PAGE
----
Miami Beach artist Dina Knapp had her celebrity fans. Elton John, Cher and Phyllis Diller were all clients. Bob Marley was so taken with Knapp’s wearable art he was buried in one of her tams.
But her daughter, Astra Dorf, almost has to laugh when she recalls growing up with an artistic mom who didn’t quite dress like the other mothers.
“She always said I was her little doll and she loved to dress me up until I acquired my own style. When I was a kid I was so embarrassed by her funky outfits. I’d help pick out her clothes to make her seem more normal if she was coming to school for any reason. It took me years to appreciate her uniqueness,” Dorf said.
At 15 or so, while at Beach High, she got it. “Then I’d start to go through her old hippie clothes (she saved everything) and would borrow and steal all of her colorful cool stuff. We are a family of fashionistas — we only make girls and we all like to get dressed. This has been passed on for generations, from my mother’s mother, Berta (a seamstress, dress maker and collector) to my daughter, Athena.”
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Dina Knapp, born in Cyprus and raised in Israel and New York City by Holocaust survivors, died Sunday, at 69, of cancer.
“My mother loved to create, obviously, and I think one of her biggest joys was creating for us: her daughters and granddaughters. We will miss her handmade, thoughtful garments, costumes, pillows, blankets, jewelry and art,” her daughter said.
“She is probably the most visual person I have ever known; that nothing seems to escape her eye; that she is wildly and unconventionally creative and yet at the same time very discerning. She painted on gourds one year and those became real art pieces. Another year buttons became sophisticated bracelets without one drop of ‘craftsy.’ She made me a necklace once of all these disparate things that she turned into something cohesive and beautiful,” said Elizabeth Kohen Martinez, daughter of the late Helen Kohen, the Miami Herald’s former art critic who long championed Knapp’s work.
Dina had her own brand of resiliency. She was the daughter of Holocaust survivors and grew up with the dark, harrowing stories of her parents’ experiences. And yet she made a life filled with color, color, color.
Elizabeth Kohen Martinez on Miami Beach artist Dina Knapp.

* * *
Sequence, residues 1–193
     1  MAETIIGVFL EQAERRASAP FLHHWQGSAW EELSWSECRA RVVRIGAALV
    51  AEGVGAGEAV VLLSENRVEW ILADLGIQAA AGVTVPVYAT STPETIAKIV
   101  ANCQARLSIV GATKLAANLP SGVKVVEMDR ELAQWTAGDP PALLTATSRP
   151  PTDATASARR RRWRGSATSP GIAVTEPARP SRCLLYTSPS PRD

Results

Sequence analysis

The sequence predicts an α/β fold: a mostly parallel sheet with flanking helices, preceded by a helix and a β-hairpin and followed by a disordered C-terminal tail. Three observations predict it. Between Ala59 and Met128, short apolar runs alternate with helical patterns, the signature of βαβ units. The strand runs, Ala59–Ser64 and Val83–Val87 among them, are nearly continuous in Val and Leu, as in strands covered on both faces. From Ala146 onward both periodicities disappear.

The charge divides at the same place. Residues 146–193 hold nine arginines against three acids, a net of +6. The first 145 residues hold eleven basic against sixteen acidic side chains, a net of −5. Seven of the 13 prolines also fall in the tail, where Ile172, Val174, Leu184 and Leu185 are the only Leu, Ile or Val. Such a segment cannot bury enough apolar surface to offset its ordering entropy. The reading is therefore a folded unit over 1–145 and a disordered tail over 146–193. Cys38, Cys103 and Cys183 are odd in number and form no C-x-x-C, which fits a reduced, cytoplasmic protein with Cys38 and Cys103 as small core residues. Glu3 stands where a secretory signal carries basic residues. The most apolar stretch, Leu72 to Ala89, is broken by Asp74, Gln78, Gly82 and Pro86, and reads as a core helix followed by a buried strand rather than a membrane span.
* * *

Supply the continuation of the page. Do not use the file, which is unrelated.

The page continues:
“I know we’re all one of a kind, but Dina was once-in-a-lifetime. She was eccentric, brilliant and exuberant, and her work defined an era in Miami — one in which we reveled in and rejoiced in the quirky moments and found beauty of this place and didn’t try to remake it into some other, far less interesting city. Most recently she railed against the epidemic of tear-downs in Miami Beach that are depriving us of our history, our architecture, our trees and our culture. Her art always spoke to all of that,” said Beth Dunlop, former Miami Herald architecture critic, author and editor of Modern Magazine.
Knapp, a graduate of the Pratt Institute, moved to Miami Beach in 1977 and, with her late husband, poet Jeffrey Knapp, quickly established herself in the art community. In 1999, Knapp designed one of the Electrowave shuttles that circle the streets of South Beach. Her work for the project was selected by the City of Miami Beach Art in Public Places committee along with artists Christian Bernard, Edouard Duval Carrie and Cristina Khuly.
“The work is like her home, a walk-in collage of layered stuff, a mix of art and artifacts, dense and marvelous, a real magic kingdom,” wrote Kohen, the art historian, in the booklet for Knapp’s 2012 exhibit, “Sewn Dreams.”
On Sunday, her son-in-law Josh Friedman, father to her newborn granddaughter Miel, said: “For Dina, her community was everything. In her work, her friends and her family she created great communities around her. On the news, day in and day out we are confronted with communities in turmoil and stress. Dina made her communities bright and colorful. An artist in the true sense of the word she thought, created and wondered effortlessly. She created through the lens of friendship, hope and whimsy. Her spirit was one of optimism in the face of darkness.”
Knapp is survived by her daughters Astra Schwartz Dorf and Ariel Knapp Friedman; granddaughters Athena Dorf, Olive Friedman and Miel Dina Sol Friedman; sisters Julie Grau and Malca Ron; and her beloved poodle Collette. Services will be at 10:30 a.m. Tuesday at Temple Beth Sholom, 4144 Chase Ave., Miami Beach. Donations can be made in Knapp’s name to the American Cancer Society or Greater Miami Jewish Federation.